Financial squeeze threatens centre for mothers
The Globe and Mail – Aboriginal Affairs
By Hadani Ditmars
Publish Date: December 21, 2007
Home for native women will be forced to close on Jan. 1 if emergency funding cannot be found.
Juanita Santos is in danger of losing her “lifeline.”
The 30-year-old single mother lives a few blocks from the Aboriginal Mother Centre on Dundas Street, where she has come with her 2Â½-year-old son Langdon almost every day of his life.
“It’s the only safe place in the neighbourhood where my son can play without me having to worry about needles on the ground and junkies shooting up.”
In the past few years, she says, the drug epicentre of Main and Hastings has moved steadily eastward, even as the area has gentrified with high-end lofts staring down at centre patrons as they eat their lunch.
Besides the free-meal program, the centre offers her the camaraderie of other mothers, playmates for her son, babysitting, vocational training, counselling, the wisdom of elders and, above all, a real sense of community in Canada’s poorest postal code.
Funding for the centre, which has been operational since 2001, was denied this past October by the Greater Vancouver Regional Steering Committee on Homelessness, a community advisory board for a government funding program. The centre has a yearly budget of about $480,000. Since its inception, it has received a mix of municipal, provincial and federal money, with the primary funding coming from the federal Ministry of Human Resources and Social Development, administered through the steering committee.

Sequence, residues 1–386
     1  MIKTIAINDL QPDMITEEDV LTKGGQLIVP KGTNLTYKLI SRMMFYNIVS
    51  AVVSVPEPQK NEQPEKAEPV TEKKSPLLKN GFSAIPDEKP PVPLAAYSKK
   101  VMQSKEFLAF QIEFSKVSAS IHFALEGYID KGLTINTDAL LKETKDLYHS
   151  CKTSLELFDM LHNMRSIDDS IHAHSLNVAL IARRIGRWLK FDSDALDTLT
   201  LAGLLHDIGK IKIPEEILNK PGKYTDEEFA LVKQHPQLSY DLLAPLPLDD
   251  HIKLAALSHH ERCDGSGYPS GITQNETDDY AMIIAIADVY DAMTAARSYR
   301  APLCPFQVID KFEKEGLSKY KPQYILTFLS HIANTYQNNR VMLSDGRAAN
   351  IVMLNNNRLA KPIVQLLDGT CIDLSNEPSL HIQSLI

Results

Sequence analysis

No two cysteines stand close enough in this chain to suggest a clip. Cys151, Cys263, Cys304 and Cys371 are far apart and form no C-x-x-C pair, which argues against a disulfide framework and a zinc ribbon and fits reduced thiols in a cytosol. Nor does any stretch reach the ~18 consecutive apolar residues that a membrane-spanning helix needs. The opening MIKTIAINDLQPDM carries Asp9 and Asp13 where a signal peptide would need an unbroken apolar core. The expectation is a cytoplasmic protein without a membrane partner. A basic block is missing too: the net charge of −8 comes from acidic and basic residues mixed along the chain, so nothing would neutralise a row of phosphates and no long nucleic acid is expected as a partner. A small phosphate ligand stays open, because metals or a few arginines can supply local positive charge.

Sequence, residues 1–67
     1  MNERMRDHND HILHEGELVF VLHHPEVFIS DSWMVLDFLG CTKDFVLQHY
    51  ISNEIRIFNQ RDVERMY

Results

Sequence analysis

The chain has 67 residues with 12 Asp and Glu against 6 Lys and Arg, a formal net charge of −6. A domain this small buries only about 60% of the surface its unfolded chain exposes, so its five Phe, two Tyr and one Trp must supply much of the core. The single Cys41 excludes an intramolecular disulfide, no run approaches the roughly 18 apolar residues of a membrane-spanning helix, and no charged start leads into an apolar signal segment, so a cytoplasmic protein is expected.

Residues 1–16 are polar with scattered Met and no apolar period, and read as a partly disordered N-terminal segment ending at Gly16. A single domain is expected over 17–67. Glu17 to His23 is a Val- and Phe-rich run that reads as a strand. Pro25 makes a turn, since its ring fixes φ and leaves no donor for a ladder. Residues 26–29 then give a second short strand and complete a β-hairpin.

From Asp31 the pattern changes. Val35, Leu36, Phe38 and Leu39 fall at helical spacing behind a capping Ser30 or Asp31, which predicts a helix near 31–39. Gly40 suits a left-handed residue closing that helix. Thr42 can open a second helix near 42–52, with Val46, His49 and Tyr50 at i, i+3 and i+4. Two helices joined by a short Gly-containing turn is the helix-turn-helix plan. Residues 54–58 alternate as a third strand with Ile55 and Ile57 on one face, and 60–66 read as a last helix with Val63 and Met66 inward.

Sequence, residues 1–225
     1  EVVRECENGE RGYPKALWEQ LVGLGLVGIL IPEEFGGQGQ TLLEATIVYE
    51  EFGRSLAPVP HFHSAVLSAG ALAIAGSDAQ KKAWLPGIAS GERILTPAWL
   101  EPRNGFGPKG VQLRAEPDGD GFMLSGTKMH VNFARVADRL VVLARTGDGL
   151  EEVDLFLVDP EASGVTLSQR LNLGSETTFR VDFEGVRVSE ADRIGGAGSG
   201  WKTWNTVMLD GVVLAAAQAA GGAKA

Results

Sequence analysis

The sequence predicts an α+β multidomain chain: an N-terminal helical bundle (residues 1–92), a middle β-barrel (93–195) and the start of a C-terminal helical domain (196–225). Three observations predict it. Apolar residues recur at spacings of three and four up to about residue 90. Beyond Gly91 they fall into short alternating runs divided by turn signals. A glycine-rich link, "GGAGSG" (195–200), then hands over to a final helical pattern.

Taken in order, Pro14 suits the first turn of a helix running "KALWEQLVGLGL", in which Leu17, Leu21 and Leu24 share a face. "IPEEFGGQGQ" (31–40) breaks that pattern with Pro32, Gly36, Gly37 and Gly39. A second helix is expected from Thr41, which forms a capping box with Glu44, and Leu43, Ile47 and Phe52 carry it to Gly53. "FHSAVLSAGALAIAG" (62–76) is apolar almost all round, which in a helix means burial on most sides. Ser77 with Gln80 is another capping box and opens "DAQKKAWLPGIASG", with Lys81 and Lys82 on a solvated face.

In a letter to the centre’s executive director, Penny Irons, dated Oct. 17, committee chairperson Alice Sundberg rejected the centre’s request for funding, citing among other reasons, “an extremely competitive [funding application] process” and that “outcome for clients was not clear.”
If the decision is not reversed immediately, or if $120,000 for three more months of operation is not found, the centre will be forced to close Jan. 1, and the “outcome” for its clients will become even murkier.
“Where will everyone go?” Ms. Irons asks at her on-site office, with its view of the industrial waterfront skyline, a new condo development and a Mohawk gas station. Ms. Irons, a Haida mother of three who worked for the Department of Foreign Affairs under Lloyd Axworthy and returned to the West Coast eight years ago to start the centre, says she was “shocked” at the denial of funding.
So were many other native organizations who say the community-consultation process was flawed and did not include sufficient aboriginal input. Ken Clement, president of Lu’ma Native Housing Society, was so concerned that he wrote to Service Canada and offered his capital-project funding as a means of keeping the mother centre afloat.
But to date, there has been no official response. Andrea Gillman, a housing policy analyst at the Homelessness Secretariat, which is contracted to provide administrative services to the steering committee, says that the issue is under review but no new assessment will be made until some time in January.